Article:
High-End Macintosh Benchmarking
© 2000 Washington Apple Pi
Washington Apple Pi Journal, November/December
2000, pp. 34-35, reprint
Long-time fans of Washington Apple Pi Labs (both of them)
will recall that we are fond of using the game
Gerbils! as a benchmark. The game, included with Mac
OS 7.6, was originally designed as a "proof of concept" by
(http://www.pangeasoft.net/pangeahistory.html) showing how
QuickDraw 3D could be used in games, and in fact has no
system of scoring, winning, or losing. So maybe it really
isn't a game. And maybe it really isn't a benchmark.
But we like using it, anyway. It has several advantages
over traditional benchmarks:
- like the game, you can't win or lose, since it runs
only on Macintosh computers -- no Wintel or UNIX machines
- it is a heck of a lot more fun than any other
benchmark we've used;
- it is aggressively graphical, allowing even
non-Washington Apple Pi gurus to understand what is going
on. Or at least be equally amused;
- the 3D texture mapping in QuickDraw 3D really is
impressive, and you can customize the gerbils, track, and
track surface instead of doing something more
- it annoys the heck out of anyone not directly
involved in the benchmarking.
Clearly, it has at least four more pluses than any other
benchmarking suite available.
So, when a new opportunity came to use our favorite
benchmark, we didn't hesitate. A graphic artist was taking
delivery of a Power Macintosh G4/450 dual-processor machine,
and wanted a full gigabyte (one billion bytes) of memory
added, plus a large flat-screen Sony Trinitron monitor.
Would we like to do the honors?
Mere seconds later, the memory was added, and the
thousand-pound monitor attached. (A large Sony Trinitron is
only slightly smaller and lighter than a Boeing 747
jetliner.) The power button on the G4 was pressed (the new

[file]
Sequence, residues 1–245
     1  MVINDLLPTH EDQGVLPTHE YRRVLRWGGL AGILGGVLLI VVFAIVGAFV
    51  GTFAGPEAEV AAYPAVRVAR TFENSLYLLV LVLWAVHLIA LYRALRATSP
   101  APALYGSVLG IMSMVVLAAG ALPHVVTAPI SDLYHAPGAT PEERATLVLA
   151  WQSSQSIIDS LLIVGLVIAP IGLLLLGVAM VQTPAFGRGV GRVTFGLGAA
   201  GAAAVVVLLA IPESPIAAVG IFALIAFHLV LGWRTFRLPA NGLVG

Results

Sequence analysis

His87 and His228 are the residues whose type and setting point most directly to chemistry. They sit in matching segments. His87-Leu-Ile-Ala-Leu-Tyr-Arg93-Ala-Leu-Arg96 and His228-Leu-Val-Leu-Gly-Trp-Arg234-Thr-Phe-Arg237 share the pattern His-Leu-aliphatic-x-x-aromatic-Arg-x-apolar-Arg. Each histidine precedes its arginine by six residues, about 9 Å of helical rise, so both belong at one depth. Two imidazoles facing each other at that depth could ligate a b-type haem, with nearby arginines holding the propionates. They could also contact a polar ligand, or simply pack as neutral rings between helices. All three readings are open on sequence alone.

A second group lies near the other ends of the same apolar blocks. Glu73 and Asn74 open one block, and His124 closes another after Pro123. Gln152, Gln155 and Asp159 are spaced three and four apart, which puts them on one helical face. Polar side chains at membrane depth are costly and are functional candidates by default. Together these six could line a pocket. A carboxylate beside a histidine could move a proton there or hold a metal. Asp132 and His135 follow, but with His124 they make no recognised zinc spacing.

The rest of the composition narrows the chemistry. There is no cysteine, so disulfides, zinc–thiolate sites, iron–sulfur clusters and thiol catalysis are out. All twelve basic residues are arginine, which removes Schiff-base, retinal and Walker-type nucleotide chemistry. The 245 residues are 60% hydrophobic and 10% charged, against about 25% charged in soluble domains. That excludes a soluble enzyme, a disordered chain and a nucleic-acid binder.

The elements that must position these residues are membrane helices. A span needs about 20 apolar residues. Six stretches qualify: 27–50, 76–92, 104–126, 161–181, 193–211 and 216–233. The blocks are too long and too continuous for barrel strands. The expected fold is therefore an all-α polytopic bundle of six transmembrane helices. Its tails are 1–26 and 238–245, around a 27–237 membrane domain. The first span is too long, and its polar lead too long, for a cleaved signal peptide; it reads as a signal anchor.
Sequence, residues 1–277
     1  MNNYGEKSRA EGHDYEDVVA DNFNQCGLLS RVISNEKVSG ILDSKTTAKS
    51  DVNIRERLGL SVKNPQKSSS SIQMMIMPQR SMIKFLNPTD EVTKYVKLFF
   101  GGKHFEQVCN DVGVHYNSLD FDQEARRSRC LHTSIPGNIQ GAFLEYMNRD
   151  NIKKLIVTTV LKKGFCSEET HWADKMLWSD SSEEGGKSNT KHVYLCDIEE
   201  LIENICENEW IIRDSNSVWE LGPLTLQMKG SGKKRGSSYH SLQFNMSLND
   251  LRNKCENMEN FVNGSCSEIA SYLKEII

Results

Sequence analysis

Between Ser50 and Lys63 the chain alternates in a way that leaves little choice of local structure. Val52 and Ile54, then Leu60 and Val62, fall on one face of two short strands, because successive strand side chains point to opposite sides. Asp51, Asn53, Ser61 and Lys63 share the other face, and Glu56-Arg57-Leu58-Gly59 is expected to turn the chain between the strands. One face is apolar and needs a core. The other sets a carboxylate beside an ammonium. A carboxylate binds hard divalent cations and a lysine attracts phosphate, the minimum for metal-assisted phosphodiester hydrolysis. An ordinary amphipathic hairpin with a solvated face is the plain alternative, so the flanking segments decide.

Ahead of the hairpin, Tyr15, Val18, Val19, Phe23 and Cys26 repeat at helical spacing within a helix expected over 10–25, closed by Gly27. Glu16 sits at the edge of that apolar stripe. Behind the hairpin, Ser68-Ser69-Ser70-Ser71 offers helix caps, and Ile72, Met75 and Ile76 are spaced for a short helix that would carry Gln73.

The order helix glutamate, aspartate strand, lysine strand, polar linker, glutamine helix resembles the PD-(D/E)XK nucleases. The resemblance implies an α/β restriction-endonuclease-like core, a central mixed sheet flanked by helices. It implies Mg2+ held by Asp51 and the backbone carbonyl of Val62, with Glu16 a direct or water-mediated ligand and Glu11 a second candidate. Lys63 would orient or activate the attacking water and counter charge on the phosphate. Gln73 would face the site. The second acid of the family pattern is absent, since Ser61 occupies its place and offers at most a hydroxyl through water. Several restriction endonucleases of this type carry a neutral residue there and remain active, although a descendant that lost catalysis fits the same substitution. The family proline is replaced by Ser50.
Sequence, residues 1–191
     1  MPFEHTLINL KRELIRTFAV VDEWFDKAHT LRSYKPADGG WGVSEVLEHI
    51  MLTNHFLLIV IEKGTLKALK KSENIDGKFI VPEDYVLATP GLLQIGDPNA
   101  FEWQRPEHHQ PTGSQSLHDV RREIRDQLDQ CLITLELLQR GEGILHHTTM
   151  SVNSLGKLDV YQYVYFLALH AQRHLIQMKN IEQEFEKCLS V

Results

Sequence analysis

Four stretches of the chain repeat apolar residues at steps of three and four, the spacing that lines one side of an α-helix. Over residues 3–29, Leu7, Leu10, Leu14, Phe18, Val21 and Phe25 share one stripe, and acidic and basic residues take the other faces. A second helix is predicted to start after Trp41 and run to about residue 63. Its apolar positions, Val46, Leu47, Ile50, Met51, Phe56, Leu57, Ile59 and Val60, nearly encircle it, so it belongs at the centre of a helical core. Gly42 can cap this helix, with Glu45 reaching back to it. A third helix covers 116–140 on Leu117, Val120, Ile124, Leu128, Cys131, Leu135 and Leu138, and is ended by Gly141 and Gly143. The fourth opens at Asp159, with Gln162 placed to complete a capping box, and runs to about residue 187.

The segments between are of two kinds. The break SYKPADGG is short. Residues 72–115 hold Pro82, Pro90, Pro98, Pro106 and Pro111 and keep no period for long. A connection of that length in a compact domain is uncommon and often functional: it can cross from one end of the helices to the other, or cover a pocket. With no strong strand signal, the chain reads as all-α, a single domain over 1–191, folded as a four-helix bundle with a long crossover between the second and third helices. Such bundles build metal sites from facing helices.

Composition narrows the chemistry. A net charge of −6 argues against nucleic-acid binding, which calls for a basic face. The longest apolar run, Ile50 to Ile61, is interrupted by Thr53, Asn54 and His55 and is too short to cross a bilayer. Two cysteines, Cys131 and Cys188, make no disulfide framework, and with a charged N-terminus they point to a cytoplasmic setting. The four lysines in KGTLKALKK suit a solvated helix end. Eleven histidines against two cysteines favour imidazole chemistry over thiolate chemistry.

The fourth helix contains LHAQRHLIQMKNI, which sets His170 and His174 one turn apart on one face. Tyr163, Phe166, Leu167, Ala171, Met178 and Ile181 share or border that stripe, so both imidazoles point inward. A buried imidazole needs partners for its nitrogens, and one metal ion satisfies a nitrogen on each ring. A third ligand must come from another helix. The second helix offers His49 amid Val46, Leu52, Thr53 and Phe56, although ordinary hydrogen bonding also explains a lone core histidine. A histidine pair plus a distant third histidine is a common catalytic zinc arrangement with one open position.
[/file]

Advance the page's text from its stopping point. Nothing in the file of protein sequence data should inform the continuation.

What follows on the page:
Apple keyboard doesn't have a power button), the lights
dimmed, and -- nothing happened after Mac OS loaded. Very
So we immediately transferred a copy of Gerbils!
to the machine, and promptly made 15 copies. Then we
launched all 16 copies at once, and spent several minutes
arranging the windows so we could see them all, plus gave
each a uniquely textured racetrack. Then we took a screen
shot (CMD-Shift-3) or two.
The color image makes a very distracting
background picture (hint, hint). Click on image for
a full-size view.
As far as screen shots go, this one is awesome, 1920
pixels by 1440 pixels (26.6 inches by 20 inches), or
2,764,800 pixels. We could never catch gerbils on all 16
screens at once. (OK, maybe we could have, but that would
have been "work," and "work" clearly was not a key
consideration at the time.) We did manage, however, to
immediately attract a crowd...
You see, Gerbils! has one rather unusual
characteristic: if a gerbil bumps into another gerbil on the
track, one falls off. And the one falling off says "Oh-oh!"
in a cute, child-like voice. With just one game active, you
hear "Oh-oh!" fairly often; with sixteen copies active, and
the sound cranked up, you get death treats from those who
claim to be "doing something useful."
We then checked on available memory. With virtual memory
turned off, and all sixteen Gerbils! running at full
blast, we still had 814.4 megabytes of RAM free. Plus, since
Gerbils! isn't multi-processor aware, there was also
an entire unused G4/450 processor, doing nothing useful.
Note that virtual memory is turned off and yet
there are still 814.4 megabytes of RAM free. With
the advent of Mac OS X and "desktop UNIX," this
won't seem that impressive in a year or two, but we
found it amusing, anyway.
With great reluctance, we handed the machine over to the